Kevin will claim that there is a third way, force. But, it shows that he really hasn't thought that through. The USA for all its faults is a government of laws. But, for that to work for us as individuals requires us to know the law(s). To subjugate individuals through the use of force violates the law. (13th Amendment and 14th amendment) That being the case, then force is not the answer. "It ain't what we don't know that gets us in trouble, it is what we know for certain that just simply ain't so."

I explained it to my neighbor on the Sunday after Hurricane Ike and while he was at my house enjoying my fresh coffee; and, I explained using this analogy:

Imagine all of humanity on an immense train of flat cars, going from the past to the future, but always in the present for the ones on the train. The individuals on the train are free to move from side to side on the flat cars, and even to move from one flat car to another.

Here is the significance. As long as one is on the flat car, that is all he will know of existence. Just the flat cars. All else is just a passing blur of no real interest or meaning to him. All of those people, no matter how wise in the ways of the collective on the flat cars or in theoretical musings on the flat cars and what can be seen from them, will still have only the train and the flat cars as their frame of reference to anything, anything at all.

Those people on the train actually only have one perspective and that is the train and the flat cars. They are incapable of thinking from any other frame of reference.

Furthermore, it is obvious that all those on the train are even to lazy to learn who is operating the train, who laid and maintains the tracks and train, and who is deciding how far and how fast the train runs.

Now, suppose, as happens, you are accidentally bumped off the side and you land on the right of way and tumble off into the grass, unharmed.

Your world just exploded in frame of reference. You can now see all of humanity as it passes by, not just those who immediately surround you, it is not just theoretical musings to you now. Now you can see humanity doing things that make no sense when seen from a separate view, but that you remember doing yourself while you were on the train.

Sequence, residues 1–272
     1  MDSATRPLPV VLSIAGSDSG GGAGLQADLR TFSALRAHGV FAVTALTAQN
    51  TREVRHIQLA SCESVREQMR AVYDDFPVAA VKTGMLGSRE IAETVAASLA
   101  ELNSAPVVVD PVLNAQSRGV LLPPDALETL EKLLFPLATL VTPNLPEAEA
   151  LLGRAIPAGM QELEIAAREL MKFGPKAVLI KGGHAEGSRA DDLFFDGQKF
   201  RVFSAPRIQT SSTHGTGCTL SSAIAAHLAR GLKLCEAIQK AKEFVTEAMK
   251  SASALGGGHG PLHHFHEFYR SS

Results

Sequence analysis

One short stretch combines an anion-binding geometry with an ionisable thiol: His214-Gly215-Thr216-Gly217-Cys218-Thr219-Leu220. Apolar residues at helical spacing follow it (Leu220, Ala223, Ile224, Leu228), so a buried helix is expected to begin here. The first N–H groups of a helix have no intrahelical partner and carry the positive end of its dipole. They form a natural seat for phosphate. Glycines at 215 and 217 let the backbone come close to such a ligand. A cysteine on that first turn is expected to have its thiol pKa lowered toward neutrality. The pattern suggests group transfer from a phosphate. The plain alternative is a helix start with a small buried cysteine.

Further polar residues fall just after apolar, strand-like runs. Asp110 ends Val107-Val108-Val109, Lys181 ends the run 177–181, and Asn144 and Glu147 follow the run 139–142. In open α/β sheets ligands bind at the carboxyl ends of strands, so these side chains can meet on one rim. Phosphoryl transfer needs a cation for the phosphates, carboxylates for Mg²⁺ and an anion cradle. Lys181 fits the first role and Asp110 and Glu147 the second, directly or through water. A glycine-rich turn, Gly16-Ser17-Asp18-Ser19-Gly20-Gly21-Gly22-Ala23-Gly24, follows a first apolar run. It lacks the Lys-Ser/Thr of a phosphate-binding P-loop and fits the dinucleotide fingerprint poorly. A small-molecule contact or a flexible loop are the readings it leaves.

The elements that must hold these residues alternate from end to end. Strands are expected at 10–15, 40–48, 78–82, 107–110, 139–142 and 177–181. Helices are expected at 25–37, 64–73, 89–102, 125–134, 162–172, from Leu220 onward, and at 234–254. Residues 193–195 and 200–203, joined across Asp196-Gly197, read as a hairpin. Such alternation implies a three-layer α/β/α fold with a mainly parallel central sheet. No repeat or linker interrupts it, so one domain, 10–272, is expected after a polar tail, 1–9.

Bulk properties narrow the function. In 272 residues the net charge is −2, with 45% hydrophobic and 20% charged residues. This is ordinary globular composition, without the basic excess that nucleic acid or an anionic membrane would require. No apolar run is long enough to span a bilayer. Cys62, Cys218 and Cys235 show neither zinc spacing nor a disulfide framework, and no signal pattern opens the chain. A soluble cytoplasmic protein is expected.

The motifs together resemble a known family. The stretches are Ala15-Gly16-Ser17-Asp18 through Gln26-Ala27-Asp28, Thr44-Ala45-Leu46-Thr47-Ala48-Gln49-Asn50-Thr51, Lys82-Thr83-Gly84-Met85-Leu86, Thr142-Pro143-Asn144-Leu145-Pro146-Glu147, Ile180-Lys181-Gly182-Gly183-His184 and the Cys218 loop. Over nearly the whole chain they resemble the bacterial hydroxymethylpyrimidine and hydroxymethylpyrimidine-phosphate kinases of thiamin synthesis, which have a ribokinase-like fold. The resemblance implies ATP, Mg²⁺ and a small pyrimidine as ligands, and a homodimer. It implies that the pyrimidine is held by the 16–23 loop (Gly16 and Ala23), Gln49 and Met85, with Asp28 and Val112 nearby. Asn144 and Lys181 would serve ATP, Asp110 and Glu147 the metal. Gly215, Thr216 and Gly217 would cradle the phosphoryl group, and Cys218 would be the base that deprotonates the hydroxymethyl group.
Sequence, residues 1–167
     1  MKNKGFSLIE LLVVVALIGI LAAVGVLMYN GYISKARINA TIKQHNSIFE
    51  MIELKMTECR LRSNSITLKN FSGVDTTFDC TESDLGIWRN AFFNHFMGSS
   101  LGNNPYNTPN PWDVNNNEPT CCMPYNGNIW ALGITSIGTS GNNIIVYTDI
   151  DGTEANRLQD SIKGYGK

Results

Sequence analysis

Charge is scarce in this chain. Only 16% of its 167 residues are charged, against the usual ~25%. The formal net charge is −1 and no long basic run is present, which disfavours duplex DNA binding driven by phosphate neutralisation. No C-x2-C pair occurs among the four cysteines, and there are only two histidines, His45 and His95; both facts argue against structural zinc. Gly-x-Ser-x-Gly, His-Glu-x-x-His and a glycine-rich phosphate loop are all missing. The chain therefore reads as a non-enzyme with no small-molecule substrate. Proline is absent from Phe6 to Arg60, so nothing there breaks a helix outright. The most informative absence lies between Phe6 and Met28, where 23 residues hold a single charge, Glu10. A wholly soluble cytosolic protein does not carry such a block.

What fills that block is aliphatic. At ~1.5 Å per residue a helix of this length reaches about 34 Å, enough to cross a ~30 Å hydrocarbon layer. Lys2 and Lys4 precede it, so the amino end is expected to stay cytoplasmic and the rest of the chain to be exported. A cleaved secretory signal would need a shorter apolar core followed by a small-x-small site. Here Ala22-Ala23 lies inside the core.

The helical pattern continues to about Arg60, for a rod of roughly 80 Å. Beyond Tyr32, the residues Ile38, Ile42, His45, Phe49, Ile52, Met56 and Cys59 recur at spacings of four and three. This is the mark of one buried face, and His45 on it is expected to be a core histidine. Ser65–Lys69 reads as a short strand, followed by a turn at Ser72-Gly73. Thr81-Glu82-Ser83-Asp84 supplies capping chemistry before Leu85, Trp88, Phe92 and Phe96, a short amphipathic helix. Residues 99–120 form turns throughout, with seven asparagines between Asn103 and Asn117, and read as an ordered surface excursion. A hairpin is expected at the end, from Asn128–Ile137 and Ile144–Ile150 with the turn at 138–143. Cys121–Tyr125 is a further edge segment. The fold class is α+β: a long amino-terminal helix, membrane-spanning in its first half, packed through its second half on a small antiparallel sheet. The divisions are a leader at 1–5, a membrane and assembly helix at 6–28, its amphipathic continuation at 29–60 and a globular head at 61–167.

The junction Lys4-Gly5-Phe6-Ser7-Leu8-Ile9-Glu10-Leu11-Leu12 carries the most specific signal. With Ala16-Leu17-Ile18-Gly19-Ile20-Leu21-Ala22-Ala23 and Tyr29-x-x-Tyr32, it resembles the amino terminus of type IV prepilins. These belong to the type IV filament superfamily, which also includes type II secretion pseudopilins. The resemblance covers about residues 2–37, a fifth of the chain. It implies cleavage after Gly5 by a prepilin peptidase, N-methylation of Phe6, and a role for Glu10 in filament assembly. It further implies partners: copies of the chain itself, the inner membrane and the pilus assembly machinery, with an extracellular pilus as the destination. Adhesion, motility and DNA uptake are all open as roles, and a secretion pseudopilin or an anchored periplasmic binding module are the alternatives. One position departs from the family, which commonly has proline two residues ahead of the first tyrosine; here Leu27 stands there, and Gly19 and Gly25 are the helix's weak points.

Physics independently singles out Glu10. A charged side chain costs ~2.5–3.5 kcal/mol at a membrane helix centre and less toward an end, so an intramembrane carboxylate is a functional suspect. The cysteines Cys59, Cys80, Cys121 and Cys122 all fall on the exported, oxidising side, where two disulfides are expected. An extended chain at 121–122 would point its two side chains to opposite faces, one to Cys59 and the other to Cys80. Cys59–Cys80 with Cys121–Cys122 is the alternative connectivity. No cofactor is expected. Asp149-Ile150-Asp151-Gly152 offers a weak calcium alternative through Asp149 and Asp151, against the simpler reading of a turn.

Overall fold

Your perspective changes dramatically when you get bumped off the flat cars.

How much of your life on the train is meaningless enculturated reaction to your time and place and how much is done from intellectual investigation and rational thought? If you are still on the train, and only the rare few have been bumped off and stay off, then odds are great that you know nothing but the train and can conceive of nothing but the train.

Your thoughts run like this, "Why would I want to get off the train, why would any one think being off the train is better than being on the train………and so on to an endless run of excuses for ignoring that you could just jump off the train."

The attitudes and enculturation of those on the train even cause them to negatively react when once in a very rare while they look out from the train and see individuals who are not on the train yet seem to be living perfectly normal, productive, and free lives in total self direction. If those on the train have any reaction to that observation at all it will typically be an emotional one of hate, envy, and resentment that causes them to say things like, "Look at that guy! How can we get him and force him back on the train?" (I hear versions of this repeatedly)

Back to the agreement among men. After the victory in our revolutionary war the united States of America was formed under an agreement called the Articles of Confederation (which specifically mentions the "free individuals"). That government did not exist prior to the agreement.

That agreement was abandoned by state representatives at the convention in Philadelphia and a new agreement was created. This new agreement was called THE UNITED STATES OF AMERICA, Inc., and had as its corporate charter a document called the Constitution. A new government in the form of a corporation was formed by agreement.

They never told you in school about the Inc., did they? Actually they did, but just in such a way you never made the connection because you were still too young to understand the sginificance of what you were being told. Sadly enough so few of us enter and go through life ever realizing what a corporation is and why it is what it is.

As a consequence of that style of government the Uniform Commercial Code (UCC) has more affect on your daily life than does the United States Code. Yep, commercial law, rules, and regulations rule your life in ways you have never imagined.

This nation is the first in history, that I know of, that places the agreement or contract above all and as being the foundation of all our relationships.

Is there a contract or agreement? Were the terms fully disclosed? Did the parties enter the contract knowingly, willingly, intentionally, and voluntarily?

If the answer is no to all or any one of those three questions there is no contract, it is null, void, and unenforcable.

"It isn't what we don't know that causes us trouble, it is what we know for certain that simply ain't so."